We always take a close look at any tribunal decisions regarding R&D claims to draw insights. Three have been completed recently with HMRC successful in two and the company concerned in another.
Soapbox Communications Limited v HMRC
This one was not particularly related to any part of the R&D specific legislation. The validity of the notice of enquiry into two amended returns was challenged. I am not going to spend a lot of time on this it appears to be an odd issue to take to tribunal. The document was sent to the companies registered address. The argument appears to be about how it was addressed. The decision was in favour of HMRC in that respect. I don't have the full facts but it appears to be a debate around a technicality.
Dnae Group Holdings Limited v HMRC
This one was interesting in the respect that the appellant won. It is a very unequal contest in terms of resources for any company to take on HMRC at tribunal. HMRC tend to be successful for a number of reasons. Quite often the appellant comes across as not being particularly competent or even engaged in winning the tribunal based solely on the written details. It is understandable that HMRC win in those circumstances. Even if the case is stronger and better presented judges tend to often default to HMRC's authority in the subject area. Judgments are often not even consistent across different tribunals so a degree of subjectivity exists.
The substance of this decision is around an assessment of the status of a company in terms of size; is the company a Small and Medium Sized Enterprise (SME) able to claim under the SME scheme or a Large Company. The large company scheme is less generous and worth roughly one third or half an SME claim depending on the tax position. In this respect status matters financially. Further, the Large Company scheme (replaced now by RDEC) has different subcontractor rules which means subcontracted R&D to other companies cannot be claimed. This again can significantly impact the financial benefit from a claim. A good starting point for the details that must be considered in assessing SME status is the flow chart found here:
HMRC argued that the company was a Large company, that an investor was not a “venture capital company”, therefore in terms of this claim a claim could only be made under the Large Company Scheme (This covered 2010 & 2011 year ends so RDEC did not exist then. The claim was old Large Company scheme which was less generous than RDEC). The appellant argued the contrary and won. The appeal was allowed. This area of the R&D scheme is heavily linked to EU state aid laws and the debate was in this area. The debate was about the difference between a strategic investment to aid a group of companies and an opportunistic one e.g. purely an investment to make money. It was decided this was the latter. This is a very complex area and often suffers from the fact that you often reach a point where terminology is used that is not precisely defined.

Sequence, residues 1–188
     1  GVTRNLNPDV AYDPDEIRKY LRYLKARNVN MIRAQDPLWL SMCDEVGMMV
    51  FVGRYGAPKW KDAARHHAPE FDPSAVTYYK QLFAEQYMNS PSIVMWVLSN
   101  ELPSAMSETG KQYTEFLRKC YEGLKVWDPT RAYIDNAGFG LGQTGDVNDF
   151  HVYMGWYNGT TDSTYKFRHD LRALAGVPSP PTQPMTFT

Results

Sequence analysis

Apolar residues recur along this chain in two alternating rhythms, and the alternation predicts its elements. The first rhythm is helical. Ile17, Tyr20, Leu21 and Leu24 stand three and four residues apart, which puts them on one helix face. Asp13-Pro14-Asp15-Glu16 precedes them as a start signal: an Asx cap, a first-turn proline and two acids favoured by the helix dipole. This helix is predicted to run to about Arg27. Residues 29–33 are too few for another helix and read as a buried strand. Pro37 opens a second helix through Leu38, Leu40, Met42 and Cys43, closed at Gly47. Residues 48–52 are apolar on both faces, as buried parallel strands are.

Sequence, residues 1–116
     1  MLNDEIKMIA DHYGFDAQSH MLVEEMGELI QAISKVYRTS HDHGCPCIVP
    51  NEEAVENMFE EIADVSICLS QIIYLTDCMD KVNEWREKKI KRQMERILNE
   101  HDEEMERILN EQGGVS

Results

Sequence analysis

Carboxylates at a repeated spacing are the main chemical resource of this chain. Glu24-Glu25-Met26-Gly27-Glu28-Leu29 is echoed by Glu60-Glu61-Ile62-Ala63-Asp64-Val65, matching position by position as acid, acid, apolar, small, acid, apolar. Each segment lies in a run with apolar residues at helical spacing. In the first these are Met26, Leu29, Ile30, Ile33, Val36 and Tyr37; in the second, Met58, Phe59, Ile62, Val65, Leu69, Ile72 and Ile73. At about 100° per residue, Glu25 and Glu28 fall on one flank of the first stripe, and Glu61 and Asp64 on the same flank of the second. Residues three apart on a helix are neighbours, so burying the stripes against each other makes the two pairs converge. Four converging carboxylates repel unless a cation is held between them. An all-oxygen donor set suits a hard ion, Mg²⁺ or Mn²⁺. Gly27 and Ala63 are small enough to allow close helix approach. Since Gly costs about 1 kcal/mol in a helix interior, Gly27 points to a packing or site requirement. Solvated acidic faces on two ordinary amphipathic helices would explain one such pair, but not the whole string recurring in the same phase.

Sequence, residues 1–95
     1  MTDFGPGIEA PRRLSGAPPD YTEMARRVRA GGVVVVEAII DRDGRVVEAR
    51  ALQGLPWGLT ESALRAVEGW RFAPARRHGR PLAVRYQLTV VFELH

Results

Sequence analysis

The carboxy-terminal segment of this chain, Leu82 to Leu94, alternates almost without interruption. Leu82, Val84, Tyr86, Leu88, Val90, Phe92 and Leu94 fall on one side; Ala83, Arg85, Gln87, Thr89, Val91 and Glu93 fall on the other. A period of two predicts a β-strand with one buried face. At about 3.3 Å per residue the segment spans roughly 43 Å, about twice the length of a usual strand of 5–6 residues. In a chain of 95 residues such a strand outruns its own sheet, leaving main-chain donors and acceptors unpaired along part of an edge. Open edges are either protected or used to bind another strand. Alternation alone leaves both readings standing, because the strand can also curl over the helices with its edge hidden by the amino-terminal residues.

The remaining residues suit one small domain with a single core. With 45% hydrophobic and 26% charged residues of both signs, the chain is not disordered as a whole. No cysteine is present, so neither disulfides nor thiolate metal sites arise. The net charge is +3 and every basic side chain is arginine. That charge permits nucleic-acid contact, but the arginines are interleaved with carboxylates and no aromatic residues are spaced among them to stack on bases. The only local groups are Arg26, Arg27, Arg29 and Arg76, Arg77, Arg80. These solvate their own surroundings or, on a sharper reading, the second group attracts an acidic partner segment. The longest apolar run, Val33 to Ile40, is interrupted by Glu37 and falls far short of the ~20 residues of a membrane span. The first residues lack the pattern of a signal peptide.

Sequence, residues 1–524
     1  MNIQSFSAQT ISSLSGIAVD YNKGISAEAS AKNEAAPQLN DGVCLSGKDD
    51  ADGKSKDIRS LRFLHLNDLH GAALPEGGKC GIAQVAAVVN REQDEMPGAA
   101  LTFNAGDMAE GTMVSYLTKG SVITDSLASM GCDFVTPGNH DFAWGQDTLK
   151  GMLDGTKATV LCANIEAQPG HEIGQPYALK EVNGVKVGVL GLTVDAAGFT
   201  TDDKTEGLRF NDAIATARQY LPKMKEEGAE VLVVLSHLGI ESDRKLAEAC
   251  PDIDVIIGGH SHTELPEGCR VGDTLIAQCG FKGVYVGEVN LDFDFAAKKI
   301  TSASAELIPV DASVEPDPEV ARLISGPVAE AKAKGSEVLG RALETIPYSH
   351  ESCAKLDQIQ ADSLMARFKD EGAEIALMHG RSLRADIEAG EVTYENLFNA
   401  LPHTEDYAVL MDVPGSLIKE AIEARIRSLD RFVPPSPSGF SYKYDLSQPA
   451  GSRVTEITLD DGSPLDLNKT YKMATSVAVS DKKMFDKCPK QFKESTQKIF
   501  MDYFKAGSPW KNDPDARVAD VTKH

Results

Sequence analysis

Grazer Learning Limited v HMRC
When covering the DNAE Group Holdings case I talked about the power imbalance between HMRC and appellants. You need a strong case, well argued, supported by both documents and testimony. Like any legal case! It appears here that a case could not be made to tip the balance of probabilities in its favour. It appears that the “competent professional” working on the project had not given evidence in the initial HMRC enquiry. I would consider it impossible to get through any HMRC R&D enquiry on qualification without such a contribution. This is basic stuff. Personally, if I cannot gain access to the technical professionals, the people doing the R&D, when preparing a claim or answering HMRC questions I walk away from a claim as I cannot gather evidence it exists. An attempt was made to introduce such evidence at the tribunal stage but the judge ruled as it had not been introduced at the enquiry stage it could not now be introduced.
The result was the following judgment; “claim for research and development tax credit – whether the activity in respect of which the expenditure was incurred qualified as research and development in accordance with the terms of the guidelines published by the Department for Business, Innovation and Skills – no, because the Appellant had failed to establish on the balance of probabilities that the activity involved a project seeking to achieve a technological advance through the resolution of a technological uncertainty – appeal dismissed”
We don't know if the company was doing qualifying R&D or not. All we do know is that they did not make the case they were when HMRC made enquiries based on the written judgment. Honestly, if you are a company facing an HMRC enquiry on any issue I would suggest giving it 100% is the best approach. R&D claims do require work, and conviction from all involved to be successful.